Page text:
"President-elect Barack Obama stepped carefully yesterday when he was asked about the unusual letter of congratulations that Iranian President Mahmoud Ahmadinejad sent him - the first time an Iranian leader has congratulated the victor of a US presidential election since the 1979 Islamic revolution," The Washington Post reported. "'I will be reviewing the letter from President Ahmadinejad, and we will respond appropriately,' he said, leaving open the question about whether he will reply. President Bush chose not to respond to a rambling 18-page letter he received from Ahmadinejad in 2006, but during the campaign Obama indicated he would be willing to meet with Iranian leaders. "'Iran's development of a nuclear weapon, I believe, is unacceptable,' Obama said yesterday. 'And we have to mount an international effort to prevent that from happening.' " AFP reported: "Iran's parliament speaker Ali Larijani slammed ... Obama on Saturday for saying Tehran's pursuit of nuclear weapons was 'unacceptable,' the official IRNA news agency reported. "'This signifies a pursuit of the same erroneous policy as in the past,' Larijani said when asked about Obama's comment on Friday. "'If the United States wants to change its standing in the region it should send good signals,' he said. "'Obama understands that change does not only mean a change of colour and superficial differences, change must also have a strategic basis,' the agency quoted Larijani as saying." Meanwhile, Reuters reported: "Hamas is ready to talk to ... Obama but he must respect the Palestinian group's 'rights and options', its leader Khaled Meshaal said in an interview on Saturday. "In a visit to Israel in July, Obama played down the chances of negotiating with Hamas unless the group renounced violence and recognised Israel's right to exist. "Under the outgoing US President George Bush, the United States refused to talk to Hamas. "'It's a big change - political and psychological - and it is noteworthy and I congratulate President Obama,' Meshaal said in the interview with Sky News website from the Syrian capital Damascus." The New York Times said: "The leader of a jihadi group in Iraq argued Friday that the election of Barack Obama as president represented a victory for radical Islamic groups that had battled American forces since the invasion of Iraq. "The statement, which experts said was part of the psychological duel with the United States, was included in a 25-minute audiotaped speech by Abu Omar al Baghdadi, leader of the Islamic State of Iraq, an umbrella organisation that claims ties to al Qa'eda. Mr Baghdadi's statement was posted on a password-protected Web site called Al Hesbah, used to disseminate information to Islamic radicals. "In his address, Mr Baghdadi also said that the election of Mr Obama - and the rejection of the Republican candidate, Senator John McCain - was a victory for his movement, a claim that has already begun to resonate among the radical faithful. In so doing Mr Baghdadi highlighted the challenge the new president would face as he weighed how to remove troops from Iraq without also giving movements like al Qa'eda a powerful propaganda tool to use for recruiting. "'And the other truth that politicians are embarrassed to admit,' Mr Baghdadi said, 'is that their unjust war on the houses of Islam, with its heavy and successive losses and the continuous operations of exhaustion of your power and your economy, were the principal cause of the collapse of the economic giant'. "The audio statement came amid a very public discussion in the Middle East over what Mr Obama's election meant for the future - and what it said about the past. Most of the public reaction, in newspapers and on television and radio stations, was euphoric, with many commentators marvelling at the election of a black man whose father was from a Muslim family. There was a general assessment that Mr Obama's election was a repudiation of the course taken by President Bush and his inner circle over the past eight years." Newsweek said: "For the past few months, not a day went by without the words 'Muslim' and 'Obama' being mentioned in the same sentence. From the divisive shouts and jeers at McCain rallies to the Op-Ed pages of The New York Times to an interview with Colin Powell on NBC's Meet the Press, Muslims - or at least the mention of them - have been more prevalent this campaign year than 'Joe the Plumber'. "But beyond the use of the term Muslim as a pejorative, and accusations by the far right that Obama was himself a secret follower of the Quran, what did real Muslim-Americans think of the Chicago senator? And how did they vote? The American Muslim Task Force on Civil Rights and Elections released a poll [on Friday] of over 600 Muslims from more than 10 states, including Florida and Pennsylvania, and it revealed that 89 per cent of respondents voted for Obama, while only two per cent voted for McCain. It also indicated that 95 per cent of Muslims polled cast a ballot in this year's presidential election - the highest turnout in a US election ever - and 14 per cent of those were first-time voters. The Gallup Center for Muslim studies estimates that US Muslims favoured Obama in greater numbers than did Hispanics (67 per cent of whom voted for Obama) and nearly matched that of African-Americans, 93 per cent of whom voted for Obama. More than two thirds who were polled said the economy was the most important issue affecting their decision on Nov 4, while 16 per cent said the wars in Iraq and Afghanistan informed their vote - numbers that put Muslims roughly on a par with the general population." The New York Times reported: "This was supposed to be the election when hidden racism would rear its head. There was much talk of a 'Bradley effect,' in which white voters would say one thing to pollsters and do another in the privacy of the booth; of a backlash in which the working-class whites whom Senator Barack Obama had labelled 'bitter' would take their bitterness out on him. "But lost in all that anguished commentary, experts say, was an important recent finding from the study of prejudice: that mutual trust between members of different races can catch on just as quickly, and spread just as fast, as suspicion. "In some new studies, psychologists have been able to establish a close relationship between diverse pairs - black and white, Latino and Asian, black and Latino - in a matter of hours. That relationship immediately reduces conscious and unconscious bias in both people, and also significantly reduces prejudice toward the other group in each individual's close friends. "This extended-contact effect, as it is called, travels like a benign virus through an entire peer group, counteracting subtle or not so subtle mistrust. "'It's important to remember that implicit biases are out there, absolutely; but I think that that's only half the story,' said Linda R Tropp, an associate professor of psychology at the University of Massachusetts. 'With broader changes in the society at large, people can also become more willing to reach across racial boundaries, and that goes for both minorities and whites.' " In The Washington Post, Desmond Tutu wrote: "Today Africans walk taller than they did a week ago - just as they did when Nelson Mandela became South Africa's first black president in 1994. Not only Africans, but people everywhere who have been the victims of discrimination at the hands of white Westerners, have a new pride in who they are. If a dark-skinned person can become the leader of the world's most powerful nation, what is to stop children everywhere from aiming for the stars? The fact that Obama's Kenyan grandfather was a convert to Islam may - shamefully - have been controversial in parts of the United States, but elsewhere in the world, Obama's multi-faith heritage is an inspiration. "And the president-elect has one additional key quality: He is not George W Bush. "Because the Bush years have been disastrous for other parts of the world in many ways, Obama's victory dramatises the self-correcting mechanism that epitomises American democracy. Elsewhere, oppressors, tyrants and their lapdogs can say what they like, and they stay put, for the most part. Ordinary citizens living in undemocratic societies are not fools; they may not always agree with US foreign policy, but they can see and register the difference between the United States, where people can kick an unpopular political party out, and their own countries. "In the midst of this celebration, however, a word of caution is appropriate. In the first days after 9/11, the United States had the world's sympathy, an unprecedented wave of it. President Bush squandered it. Obama could squander the goodwill that his election has generated if he does not move quickly and decisively on the international front." Meanwhile, The New York Times reported: "Mr Obama has acknowledged that the economy will force him to recalibrate his programme but insists that he has not backed off his commitments. 'We can't afford to wait on moving forward on the key priorities that I identified during the campaign, including clean energy, health care, education and tax relief for middle class families,' he said Saturday. "During the campaign, Mr Obama identified many other priorities - withdrawing from Iraq and talks with Iran, tackling immigration and the issue of detainees at Guantanamo Bay, Cuba, and trade negotiations with the country's North American neighbours. "At the same time, his team is tamping down expectations of instant action by discouraging talk of a 100-day programme."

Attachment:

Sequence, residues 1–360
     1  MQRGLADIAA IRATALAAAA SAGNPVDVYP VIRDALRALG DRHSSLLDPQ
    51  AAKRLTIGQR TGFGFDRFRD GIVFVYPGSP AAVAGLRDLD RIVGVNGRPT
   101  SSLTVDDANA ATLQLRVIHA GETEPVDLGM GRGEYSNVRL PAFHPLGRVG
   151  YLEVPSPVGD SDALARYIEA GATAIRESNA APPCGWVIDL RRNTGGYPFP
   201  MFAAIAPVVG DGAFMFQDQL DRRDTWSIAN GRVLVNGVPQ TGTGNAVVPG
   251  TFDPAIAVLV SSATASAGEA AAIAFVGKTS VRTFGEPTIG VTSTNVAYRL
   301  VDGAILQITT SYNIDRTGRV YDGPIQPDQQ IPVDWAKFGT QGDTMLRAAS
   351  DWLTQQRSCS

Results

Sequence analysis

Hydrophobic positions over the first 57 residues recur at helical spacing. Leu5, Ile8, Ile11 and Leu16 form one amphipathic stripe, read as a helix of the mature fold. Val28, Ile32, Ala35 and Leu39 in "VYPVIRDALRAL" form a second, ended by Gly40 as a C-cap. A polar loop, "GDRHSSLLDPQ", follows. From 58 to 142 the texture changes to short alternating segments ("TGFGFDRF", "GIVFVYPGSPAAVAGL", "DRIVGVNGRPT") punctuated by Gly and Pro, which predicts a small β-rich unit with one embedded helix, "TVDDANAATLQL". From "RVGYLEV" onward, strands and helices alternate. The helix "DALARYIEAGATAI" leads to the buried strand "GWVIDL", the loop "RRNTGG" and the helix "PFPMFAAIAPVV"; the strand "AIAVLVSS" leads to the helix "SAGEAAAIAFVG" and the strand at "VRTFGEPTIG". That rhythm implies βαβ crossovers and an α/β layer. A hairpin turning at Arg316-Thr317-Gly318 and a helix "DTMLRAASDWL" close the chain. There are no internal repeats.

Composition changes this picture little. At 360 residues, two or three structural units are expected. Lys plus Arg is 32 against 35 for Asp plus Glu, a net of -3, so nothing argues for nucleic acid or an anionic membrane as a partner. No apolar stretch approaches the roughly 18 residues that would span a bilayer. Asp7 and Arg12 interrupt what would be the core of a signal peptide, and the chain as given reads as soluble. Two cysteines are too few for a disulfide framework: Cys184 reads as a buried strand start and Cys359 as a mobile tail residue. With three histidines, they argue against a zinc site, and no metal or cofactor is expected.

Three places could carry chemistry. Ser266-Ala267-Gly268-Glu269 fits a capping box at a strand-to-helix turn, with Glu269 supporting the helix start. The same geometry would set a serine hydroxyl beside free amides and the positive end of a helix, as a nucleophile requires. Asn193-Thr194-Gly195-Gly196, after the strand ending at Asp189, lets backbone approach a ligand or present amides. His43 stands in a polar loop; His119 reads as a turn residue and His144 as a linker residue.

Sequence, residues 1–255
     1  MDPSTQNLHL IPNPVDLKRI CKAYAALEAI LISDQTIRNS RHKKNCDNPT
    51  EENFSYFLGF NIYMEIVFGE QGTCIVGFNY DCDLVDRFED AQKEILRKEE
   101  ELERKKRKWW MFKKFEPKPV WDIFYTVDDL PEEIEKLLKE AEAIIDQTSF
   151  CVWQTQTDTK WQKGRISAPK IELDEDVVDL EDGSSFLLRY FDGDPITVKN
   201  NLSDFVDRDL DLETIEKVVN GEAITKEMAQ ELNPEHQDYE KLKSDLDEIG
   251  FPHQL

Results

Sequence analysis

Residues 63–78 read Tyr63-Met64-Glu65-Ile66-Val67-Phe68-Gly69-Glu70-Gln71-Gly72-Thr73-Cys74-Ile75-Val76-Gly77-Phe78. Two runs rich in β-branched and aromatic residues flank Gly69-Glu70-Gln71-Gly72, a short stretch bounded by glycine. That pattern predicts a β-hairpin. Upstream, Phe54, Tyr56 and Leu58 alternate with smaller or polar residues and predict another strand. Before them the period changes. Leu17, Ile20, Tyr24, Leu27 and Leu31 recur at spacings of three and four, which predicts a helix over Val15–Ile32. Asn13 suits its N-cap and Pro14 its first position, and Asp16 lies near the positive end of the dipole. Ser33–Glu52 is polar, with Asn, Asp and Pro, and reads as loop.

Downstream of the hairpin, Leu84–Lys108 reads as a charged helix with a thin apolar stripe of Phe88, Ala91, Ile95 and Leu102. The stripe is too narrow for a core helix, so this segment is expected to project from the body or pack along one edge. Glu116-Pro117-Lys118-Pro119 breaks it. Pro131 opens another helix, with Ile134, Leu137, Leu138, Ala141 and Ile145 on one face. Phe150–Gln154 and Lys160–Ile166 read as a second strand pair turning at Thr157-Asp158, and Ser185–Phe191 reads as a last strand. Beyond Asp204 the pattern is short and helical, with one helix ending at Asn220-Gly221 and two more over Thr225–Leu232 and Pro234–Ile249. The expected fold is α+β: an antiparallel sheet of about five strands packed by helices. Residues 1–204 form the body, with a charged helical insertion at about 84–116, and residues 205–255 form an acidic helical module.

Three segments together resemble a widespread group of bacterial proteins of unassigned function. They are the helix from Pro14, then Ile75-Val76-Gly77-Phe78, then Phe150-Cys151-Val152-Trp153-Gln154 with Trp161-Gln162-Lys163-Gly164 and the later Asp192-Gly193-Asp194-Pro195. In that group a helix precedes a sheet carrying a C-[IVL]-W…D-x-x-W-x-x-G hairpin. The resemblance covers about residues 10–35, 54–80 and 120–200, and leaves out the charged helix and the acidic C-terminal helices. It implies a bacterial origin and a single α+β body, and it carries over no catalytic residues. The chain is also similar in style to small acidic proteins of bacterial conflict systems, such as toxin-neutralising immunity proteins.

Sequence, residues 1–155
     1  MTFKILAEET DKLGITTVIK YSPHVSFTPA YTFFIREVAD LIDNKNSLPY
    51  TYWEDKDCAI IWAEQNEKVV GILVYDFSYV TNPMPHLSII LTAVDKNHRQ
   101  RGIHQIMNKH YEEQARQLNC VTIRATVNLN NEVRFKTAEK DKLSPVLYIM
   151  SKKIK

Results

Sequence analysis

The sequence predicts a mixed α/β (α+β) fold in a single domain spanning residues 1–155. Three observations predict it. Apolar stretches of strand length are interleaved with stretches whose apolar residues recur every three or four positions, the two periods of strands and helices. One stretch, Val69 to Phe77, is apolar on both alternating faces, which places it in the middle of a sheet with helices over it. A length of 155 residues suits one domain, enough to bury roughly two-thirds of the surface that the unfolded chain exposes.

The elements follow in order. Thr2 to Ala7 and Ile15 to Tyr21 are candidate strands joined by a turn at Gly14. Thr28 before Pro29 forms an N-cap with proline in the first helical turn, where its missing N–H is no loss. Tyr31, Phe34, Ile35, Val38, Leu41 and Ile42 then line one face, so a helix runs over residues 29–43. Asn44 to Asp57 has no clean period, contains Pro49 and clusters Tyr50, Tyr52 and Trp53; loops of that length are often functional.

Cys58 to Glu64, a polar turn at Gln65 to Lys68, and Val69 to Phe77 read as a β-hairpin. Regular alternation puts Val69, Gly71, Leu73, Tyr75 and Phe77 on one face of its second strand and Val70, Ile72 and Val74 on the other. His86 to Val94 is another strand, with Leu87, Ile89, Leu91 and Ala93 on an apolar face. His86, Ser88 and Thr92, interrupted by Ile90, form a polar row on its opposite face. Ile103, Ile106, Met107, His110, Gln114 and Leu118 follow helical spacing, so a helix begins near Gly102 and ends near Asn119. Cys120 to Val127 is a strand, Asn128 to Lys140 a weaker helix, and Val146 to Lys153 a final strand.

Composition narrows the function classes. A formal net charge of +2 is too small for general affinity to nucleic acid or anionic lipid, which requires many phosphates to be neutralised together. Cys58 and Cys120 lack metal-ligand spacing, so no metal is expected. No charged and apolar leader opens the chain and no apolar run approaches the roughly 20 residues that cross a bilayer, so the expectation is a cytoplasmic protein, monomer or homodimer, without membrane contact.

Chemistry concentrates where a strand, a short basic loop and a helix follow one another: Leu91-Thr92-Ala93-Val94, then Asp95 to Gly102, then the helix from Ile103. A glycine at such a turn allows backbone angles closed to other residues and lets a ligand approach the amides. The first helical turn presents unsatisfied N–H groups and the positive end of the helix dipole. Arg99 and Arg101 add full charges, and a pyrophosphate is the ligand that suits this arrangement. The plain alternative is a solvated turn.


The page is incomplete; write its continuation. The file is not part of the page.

"Newly available accounts by independent military observers of the beginning of the war between Georgia and Russia this summer call into question the long-standing Georgian assertion that it was acting defensively against separatist and Russian aggression," The New York Times reported. "Instead, the accounts suggest that Georgia's inexperienced military attacked the isolated separatist capital of Tskhinvali on Aug 7 with indiscriminate artillery and rocket fire, exposing civilians, Russian peacekeepers and unarmed monitors to harm. "The accounts are neither fully conclusive nor broad enough to settle the many lingering disputes over blame in a war that hardened relations between the Kremlin and the West. But they raise questions about the accuracy and honesty of Georgia's insistence that its shelling of Tskhinvali, the capital of the breakaway region of South Ossetia, was a precise operation. Georgia has variously defended the shelling as necessary to stop heavy Ossetian shelling of Georgian villages, bring order to the region or counter a Russian invasion. "President Mikheil Saakashvili of Georgia has characterised the attack as a precise and defensive act. But according to observations of the monitors, documented Aug 7 and Aug 8, Georgian artillery rounds and rockets were falling throughout the city at intervals of 15 to 20 seconds between explosions, and within the first hour of the bombardment at least 48 rounds landed in a civilian area. The monitors have also said they were unable to verify that ethnic Georgian villages were under heavy bombardment that evening, calling to question one of Mr Saakashvili's main justifications for the attack." The Voice of America said: "In its most specific comments on the subject to date, the State Department says Georgian leaders made a mistake when they attacked the capital of breakaway South Ossetia, Tskhinvali, in August. "But officials here say overall culpability for the war may never be known, and the focus now should be on getting Georgia, and especially Russia, to heed ceasefire obligations, and help return the region to stability." The New York Times said: "Thousands of antigovernment demonstrators poured into the streets of Georgia's capital, Tbilisi, on Friday, hoping to weaken the government of President Mikheil Saakashvili as it strives to maintain power despite a catastrophic war with Russia and a growing economic malaise at home. "The large, though generally subdued, demonstration occurred one year after black-helmeted riot police officers violently quashed opposition protests in Tbilisi, pelting unarmed civilians with clubs and rubber bullets, and using tear gas and water cannons to chase the protesters from the streets. "That event roused accusations domestically and internationally that the president's promises of democracy and reform, which he made upon taking power in a bloodless coup in 2003, had fallen short, leaving Georgia only slightly more democratic than the country's post-Soviet neighbours, including Azerbaijan, Armenia and Russia." firstname.lastname@example.org